Scare Tactics: Six by Hitchcock presents PSYCHO
TICKETS AVAILABLE HERE
In 1960, Alfred Hitchcock was already famous as the screen's Master of Suspense (and perhaps the best-known film director in the world) when he released PSYCHO and forever changed the shape and tone of the screen thriller. From its first scene, in which an unmarried couple balances pleasure and guilt in a lunchtime liaison in a cheap hotel (hardly a common moment in a major studio film in 1960), PSYCHO announced that it was taking the audience to places it had never been before. "Alfred Hitchcock's 1960 masterpiece blends a brutal manipulation of audience identification and an incredibly dense, allusive visual style to create the most morally unsettling film ever made." Dave Kehr, Chicago Reader.
1960; with Anthony Perkins, Janet Leigh; R; 109 minutes
The Lone Star Film Society’s ArthouseFW and the Modern Art Museum of Fort Worth finish out the summer with an exciting series showcasing six pivotal Alfred Hitchcock films. The selected films explore the power of Hitchcock’s distinctive style in two of his nine silent films and four of his later masterpieces.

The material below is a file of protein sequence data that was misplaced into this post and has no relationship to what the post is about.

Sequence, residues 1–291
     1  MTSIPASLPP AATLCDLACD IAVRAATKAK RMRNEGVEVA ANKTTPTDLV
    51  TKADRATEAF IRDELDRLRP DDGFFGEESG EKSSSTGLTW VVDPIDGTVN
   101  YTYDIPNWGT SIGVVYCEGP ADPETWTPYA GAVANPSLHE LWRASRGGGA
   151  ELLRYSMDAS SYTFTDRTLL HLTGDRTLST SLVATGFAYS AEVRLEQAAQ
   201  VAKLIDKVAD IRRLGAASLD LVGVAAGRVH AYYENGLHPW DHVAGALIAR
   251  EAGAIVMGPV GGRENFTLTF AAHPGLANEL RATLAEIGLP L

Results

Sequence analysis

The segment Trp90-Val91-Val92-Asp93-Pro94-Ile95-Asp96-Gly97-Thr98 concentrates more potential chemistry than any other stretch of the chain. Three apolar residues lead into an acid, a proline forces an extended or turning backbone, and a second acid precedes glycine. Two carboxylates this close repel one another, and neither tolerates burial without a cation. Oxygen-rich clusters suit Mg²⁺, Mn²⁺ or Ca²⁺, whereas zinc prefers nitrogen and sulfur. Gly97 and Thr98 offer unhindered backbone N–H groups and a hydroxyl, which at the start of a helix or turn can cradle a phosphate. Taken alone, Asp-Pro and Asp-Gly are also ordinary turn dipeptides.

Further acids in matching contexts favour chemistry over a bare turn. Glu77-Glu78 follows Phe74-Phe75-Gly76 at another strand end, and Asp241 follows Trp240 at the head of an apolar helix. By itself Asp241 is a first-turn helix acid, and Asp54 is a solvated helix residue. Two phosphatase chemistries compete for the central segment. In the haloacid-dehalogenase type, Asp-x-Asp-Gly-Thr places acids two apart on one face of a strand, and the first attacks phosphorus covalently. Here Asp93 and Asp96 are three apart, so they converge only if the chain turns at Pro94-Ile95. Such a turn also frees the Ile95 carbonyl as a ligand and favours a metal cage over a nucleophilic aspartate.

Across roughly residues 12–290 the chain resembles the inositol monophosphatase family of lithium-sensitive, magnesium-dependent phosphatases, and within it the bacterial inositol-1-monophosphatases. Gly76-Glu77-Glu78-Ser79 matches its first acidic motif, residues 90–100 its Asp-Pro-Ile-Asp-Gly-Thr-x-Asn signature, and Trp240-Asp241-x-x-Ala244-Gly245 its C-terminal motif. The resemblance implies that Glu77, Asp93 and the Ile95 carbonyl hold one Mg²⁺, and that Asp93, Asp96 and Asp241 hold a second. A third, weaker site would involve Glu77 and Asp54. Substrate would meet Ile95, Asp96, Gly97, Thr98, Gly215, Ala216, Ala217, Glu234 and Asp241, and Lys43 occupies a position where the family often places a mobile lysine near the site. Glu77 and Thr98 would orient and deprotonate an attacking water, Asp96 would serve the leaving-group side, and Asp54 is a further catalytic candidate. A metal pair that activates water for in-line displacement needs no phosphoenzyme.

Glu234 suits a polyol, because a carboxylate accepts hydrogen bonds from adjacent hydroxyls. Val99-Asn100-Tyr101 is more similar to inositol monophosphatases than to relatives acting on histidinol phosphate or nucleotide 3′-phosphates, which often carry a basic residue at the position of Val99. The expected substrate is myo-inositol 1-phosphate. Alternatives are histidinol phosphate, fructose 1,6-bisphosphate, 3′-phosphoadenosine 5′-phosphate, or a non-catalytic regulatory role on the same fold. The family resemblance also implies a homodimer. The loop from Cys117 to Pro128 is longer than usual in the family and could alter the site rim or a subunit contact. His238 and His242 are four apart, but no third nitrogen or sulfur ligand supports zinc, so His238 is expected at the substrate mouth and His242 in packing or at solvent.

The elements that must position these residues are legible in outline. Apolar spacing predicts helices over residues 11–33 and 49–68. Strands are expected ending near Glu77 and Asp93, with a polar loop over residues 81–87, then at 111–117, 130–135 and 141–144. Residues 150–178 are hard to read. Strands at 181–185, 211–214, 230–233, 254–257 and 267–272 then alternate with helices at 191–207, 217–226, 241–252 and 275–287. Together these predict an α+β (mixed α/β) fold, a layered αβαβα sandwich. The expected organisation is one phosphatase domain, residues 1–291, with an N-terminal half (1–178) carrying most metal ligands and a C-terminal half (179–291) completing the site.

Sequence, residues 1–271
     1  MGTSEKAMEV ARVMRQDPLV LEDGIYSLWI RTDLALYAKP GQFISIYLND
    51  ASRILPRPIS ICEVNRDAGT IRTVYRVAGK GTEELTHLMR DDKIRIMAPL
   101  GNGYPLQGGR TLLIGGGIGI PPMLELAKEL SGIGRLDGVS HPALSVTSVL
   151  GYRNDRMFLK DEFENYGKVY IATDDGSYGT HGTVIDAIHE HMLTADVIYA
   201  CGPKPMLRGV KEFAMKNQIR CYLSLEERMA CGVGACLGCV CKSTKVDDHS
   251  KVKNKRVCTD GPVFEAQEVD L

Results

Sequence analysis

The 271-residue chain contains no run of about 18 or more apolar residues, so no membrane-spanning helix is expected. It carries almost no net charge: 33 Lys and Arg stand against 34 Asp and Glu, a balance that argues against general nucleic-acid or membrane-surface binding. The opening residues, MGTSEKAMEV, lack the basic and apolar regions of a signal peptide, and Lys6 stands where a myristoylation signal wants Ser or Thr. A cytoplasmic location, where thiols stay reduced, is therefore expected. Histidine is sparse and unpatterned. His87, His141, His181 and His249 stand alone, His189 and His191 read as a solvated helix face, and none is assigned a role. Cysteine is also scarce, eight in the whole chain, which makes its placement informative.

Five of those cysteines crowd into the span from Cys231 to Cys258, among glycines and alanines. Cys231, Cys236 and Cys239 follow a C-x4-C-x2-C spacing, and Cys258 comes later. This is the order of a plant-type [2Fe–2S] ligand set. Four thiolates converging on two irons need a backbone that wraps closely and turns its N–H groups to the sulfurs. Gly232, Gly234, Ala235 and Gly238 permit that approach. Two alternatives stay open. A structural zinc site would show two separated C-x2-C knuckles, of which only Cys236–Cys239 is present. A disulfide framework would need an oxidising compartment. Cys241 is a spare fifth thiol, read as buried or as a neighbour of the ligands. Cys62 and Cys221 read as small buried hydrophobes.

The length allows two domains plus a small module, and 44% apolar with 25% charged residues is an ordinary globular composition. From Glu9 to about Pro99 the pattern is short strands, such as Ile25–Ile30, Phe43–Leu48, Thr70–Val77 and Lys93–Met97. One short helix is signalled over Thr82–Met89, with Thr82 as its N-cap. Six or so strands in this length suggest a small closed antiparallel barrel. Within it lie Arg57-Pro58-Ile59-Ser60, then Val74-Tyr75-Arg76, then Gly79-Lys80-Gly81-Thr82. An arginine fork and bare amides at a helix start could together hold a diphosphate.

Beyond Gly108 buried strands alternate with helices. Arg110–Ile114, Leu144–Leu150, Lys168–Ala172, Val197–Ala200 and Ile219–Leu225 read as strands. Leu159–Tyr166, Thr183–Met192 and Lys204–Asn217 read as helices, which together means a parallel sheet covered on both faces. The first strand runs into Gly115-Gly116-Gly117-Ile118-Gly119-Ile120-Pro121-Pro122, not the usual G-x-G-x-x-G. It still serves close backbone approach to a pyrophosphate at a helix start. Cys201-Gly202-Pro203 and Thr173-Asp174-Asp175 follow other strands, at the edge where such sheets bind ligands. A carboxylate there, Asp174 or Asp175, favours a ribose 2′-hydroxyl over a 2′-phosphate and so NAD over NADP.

Over a career spanning more than half a century, Sir Alfred Hitchcock, nicknamed the Master of Suspense, fashioned a distinctive and recognizable directorial style. His pioneering camera techniquemimicking a person's gaze, forces viewers to engage in a disturbing form of voyeurism. His framed shots maximize anxiety, fear, or empathy, and his use of innovative film editing is legendary. Hitchcock stories often feature fugitives falsely accused and on the run from the law with "icy blonde" female beauties as their accomplices and/or nemeses. Renowned for their surprise twist endings, thrilling plots and witty dialogue, his films often borrow themes from psychoanalysis and feature highly artistic depictions of intrigue, murder and crime.
Often regarded as the greatest British filmmaker, Hitchcock was first choice in a 2007 poll of film critics in Britain's Daily Telegraph, which said: "Unquestionably the greatest filmmaker to emerge from these islands, Hitchcock did more than any director to shape modern cinema, which would be utterly different without him. His flair was for narrative, cruelly withholding crucial information (from his characters and from us) and engaging the emotions of the audience like no one else.”
Screenings will be held in the Modern Art Museum Auditorium. The screenings of BLACKMAIL and THE LODGER will feature live musical accompaniment. Tickets are $9/$7 for Modern members and $6 for Modern Reel People and Lone Star members. Tickets may be purchased in advance athttp://lonestarfilmsociety.com/ or by calling the Modern, 817.738.9215. Tickets will also be available for purchase at the Modern beginning two hours prior to show time.